It is the first in-season move Jason Garrett has made on his coaching staff since taking over the job full-time in 2011.

“While approaching the midpoint of the season, and going through an overall evaluation of our entire operation during the bye week, we felt that this move would serve the best interests of our team moving forward,” Garrett said in a statement from the team. “We have great respect and admiration for Paul and what he has accomplished in a very successful career in the NFL. These are not easy decisions to make at any time of the year, but we will move ahead with the utmost confidence in what Marc Colombo and Hudson Houck will bring to our team in their new roles.”

The Cowboys will bring in former offensive line coach Hudson Houck as a senior assistant, according to sources. He had two stints as the Cowboys’ offensive line coach from 1993-2001 and 2008-11.

Alexander came to the Cowboys with a strong reputation as a teacher and inherited a line that included three Pro Bowlers in Tyron Smith, Travis Frederick and Zack Martin. He also had an experienced right tackle in La’el Collins and a second-round pick at left guard in Connor Williams. Frederick is on injured reserve after being diagnosed with Guillain-Barre Syndrome.

The Cowboys have been able to run the ball fine in the first seven weeks of the season, averaging 136.9 yards per game on the ground, good for fourth in the NFL, but the pass protection has not been good enough. Dak Prescott has been sacked 23 times. He was sacked 25 times as a rookie and 32 times last season.

Smith has not played as well as he had in the past and Collins has been flagged a team-high seven times for penalties. Alexander uses a different pass-protection technique than most line coaches and some believe that has played a part in the pass protection issues.

Colombo started 72 games in his time with the Cowboys at right tackle after joining the Cowboys in 2005 after injuries led to his release with the Chicago Bears. In 2014, he rejoined the organization in the scouting department before moving to the coaching staff in 2015.

He was considered for the job after Pollack was let go but Garrett opted for the more experienced Alexander.

The Cowboys had their off-week Sunday and will return to work on Wednesday with their first practice on Thursday ahead of their Nov. 5 meeting against the Tennessee Titans.



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Arizona Cardinals fire offensive coordinator Mike McCoy


TEMPE, Ariz. — Mike McCoy was fired by the Arizona Cardinals on Friday morning, the second straight year he has been relieved of his duties as offensive coordinator in the middle of the season.

He will be replaced by quarterbacks coach Byron Leftwich, the team announced Friday.

The Cardinals (1-6) made the move hours after losing 45-10 in prime time to the Denver Broncos, the team that fired McCoy after Week 11 in 2017.

Under McCoy’s direction, the Cardinals’ offense was among the worst in the NFL — and in some categories it was the worst. Arizona did not gain 300 yards in any of its seven games this season and did not boast a 100-yard rusher.

The offense was ranked last in 15 categories heading into Week 4 and has gotten slightly better. Heading into Week 7, the offense was last in yards per game, first downs per game, third-down conversions, third-down conversion percentage, red zone dives and time of possession; 31st in points, receiving yards per game, net yards per pass attempt and offensive efficiency; 30th in point margin; and 27th in interceptions per pass attempt and red zone touchdowns.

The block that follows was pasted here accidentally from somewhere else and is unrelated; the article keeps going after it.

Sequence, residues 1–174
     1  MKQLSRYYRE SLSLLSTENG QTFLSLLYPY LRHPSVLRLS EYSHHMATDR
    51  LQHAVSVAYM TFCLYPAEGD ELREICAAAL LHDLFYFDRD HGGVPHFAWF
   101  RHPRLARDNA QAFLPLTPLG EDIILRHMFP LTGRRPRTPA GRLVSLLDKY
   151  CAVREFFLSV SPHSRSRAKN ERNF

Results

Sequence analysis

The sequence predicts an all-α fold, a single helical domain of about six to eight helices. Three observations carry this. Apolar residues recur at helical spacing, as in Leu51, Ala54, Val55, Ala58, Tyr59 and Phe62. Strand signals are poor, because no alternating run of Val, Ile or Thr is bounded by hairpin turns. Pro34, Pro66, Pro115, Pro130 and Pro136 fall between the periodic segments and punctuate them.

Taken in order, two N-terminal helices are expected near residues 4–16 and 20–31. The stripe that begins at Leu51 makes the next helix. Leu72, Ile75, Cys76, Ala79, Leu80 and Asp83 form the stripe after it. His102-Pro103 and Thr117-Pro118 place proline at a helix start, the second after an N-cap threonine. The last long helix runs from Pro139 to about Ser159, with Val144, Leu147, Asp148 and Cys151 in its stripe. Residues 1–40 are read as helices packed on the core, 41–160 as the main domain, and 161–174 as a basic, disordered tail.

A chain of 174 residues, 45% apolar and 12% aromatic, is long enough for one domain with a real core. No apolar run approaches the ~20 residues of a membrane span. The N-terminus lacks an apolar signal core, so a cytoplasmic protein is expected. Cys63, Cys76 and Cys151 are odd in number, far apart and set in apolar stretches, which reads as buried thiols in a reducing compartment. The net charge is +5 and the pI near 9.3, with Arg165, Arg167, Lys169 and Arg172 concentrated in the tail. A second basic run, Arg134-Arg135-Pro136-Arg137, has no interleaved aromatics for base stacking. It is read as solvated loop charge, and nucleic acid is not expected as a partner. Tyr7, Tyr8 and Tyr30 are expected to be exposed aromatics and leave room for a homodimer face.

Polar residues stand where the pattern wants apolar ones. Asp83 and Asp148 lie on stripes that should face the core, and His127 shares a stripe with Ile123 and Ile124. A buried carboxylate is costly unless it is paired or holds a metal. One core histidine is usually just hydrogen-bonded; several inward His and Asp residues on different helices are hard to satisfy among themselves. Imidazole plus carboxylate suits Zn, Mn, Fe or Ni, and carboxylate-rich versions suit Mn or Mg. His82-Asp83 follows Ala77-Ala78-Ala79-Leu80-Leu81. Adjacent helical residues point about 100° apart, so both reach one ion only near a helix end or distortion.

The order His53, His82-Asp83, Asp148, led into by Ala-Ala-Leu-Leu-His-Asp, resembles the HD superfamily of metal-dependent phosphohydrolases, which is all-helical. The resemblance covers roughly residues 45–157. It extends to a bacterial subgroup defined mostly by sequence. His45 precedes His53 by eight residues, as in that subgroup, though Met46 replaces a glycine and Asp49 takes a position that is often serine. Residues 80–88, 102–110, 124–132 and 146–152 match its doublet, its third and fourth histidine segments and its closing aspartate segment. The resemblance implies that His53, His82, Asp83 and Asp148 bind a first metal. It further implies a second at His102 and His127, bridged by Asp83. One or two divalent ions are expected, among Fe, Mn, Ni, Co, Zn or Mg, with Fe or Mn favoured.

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Sam Darnold, New York Jets quarterback, blames self for offensive woes vs. Cleveland Browns


CLEVELAND – After being outplayed by fellow rookie Baker Mayfield, New York Jets quarterback Sam Darnold blamed himself for a sputtering second-half offense in a 21-17 loss to the Cleveland Browns on Thursday night at FirstEnergy Stadium.

“From my point of view, I just have to play better, simple as that,” Darnold said. “It’s not acceptable, the way I played. I know that, and I have to take it like a man. I feel like I’m responsible for some of the stagnant offense we had. I just have to play better, that’s it.”

Unlike Mayfield, Darnold struggled to spark the Jets. He completed only 15 of 31 passes for 169 yards and two interceptions, both of which came in the final 1:27 of the game.

Concerned about the Browns’ blitz, the Jets played extremely conservative, as Darnold didn’t attempt any long throws. In the first two games, offensive coordinator Jeremy Bates took chances, seemingly not worried about Darnold’s lack of experience.

That changed on Thursday night.

Darnold struggled whenever he wasn’t throwing a screen pass. Darnold was 6-of-8 for 63 yards on screen passes, only 9-of-23 (39 percent) with two interceptions on all other passes, according to ESPN Stats & Information.

“He did as well as he could with the plays that were given to him,” said wide receiver Quincy Enunwa, tip-toeing around the issue. “They had a lot of pressure and that kind of messed us up.”

After Browns starter Tyrod Taylor left with a concussion, the game featured the first and third overall picks in the draft. The Browns passed on Darnold to take Mayfield, who delivered the franchise’s first victory in 20 games. He rallied the Browns from a 14-0 deficit.

“I know Baker is a great player,” Darnold said. “He did some great things at Oklahoma and he continued to do great things tonight. I felt the crowd rallied pretty well around him. At the same time, I have to continue to do my job and keep the offense rolling. I’m not worried about (Mayfield).”

Darnold regressed after two promising starts. He avoided turnovers until the fourth quarter, when he missed two chances to stage his first come-from-behind win.

With the ball at his own 37, he forced a ball into double coverage, looking for Jermaine Kearse. It was intercepted by Joe Schobert.

“I tried to force it in there,” Darnold said.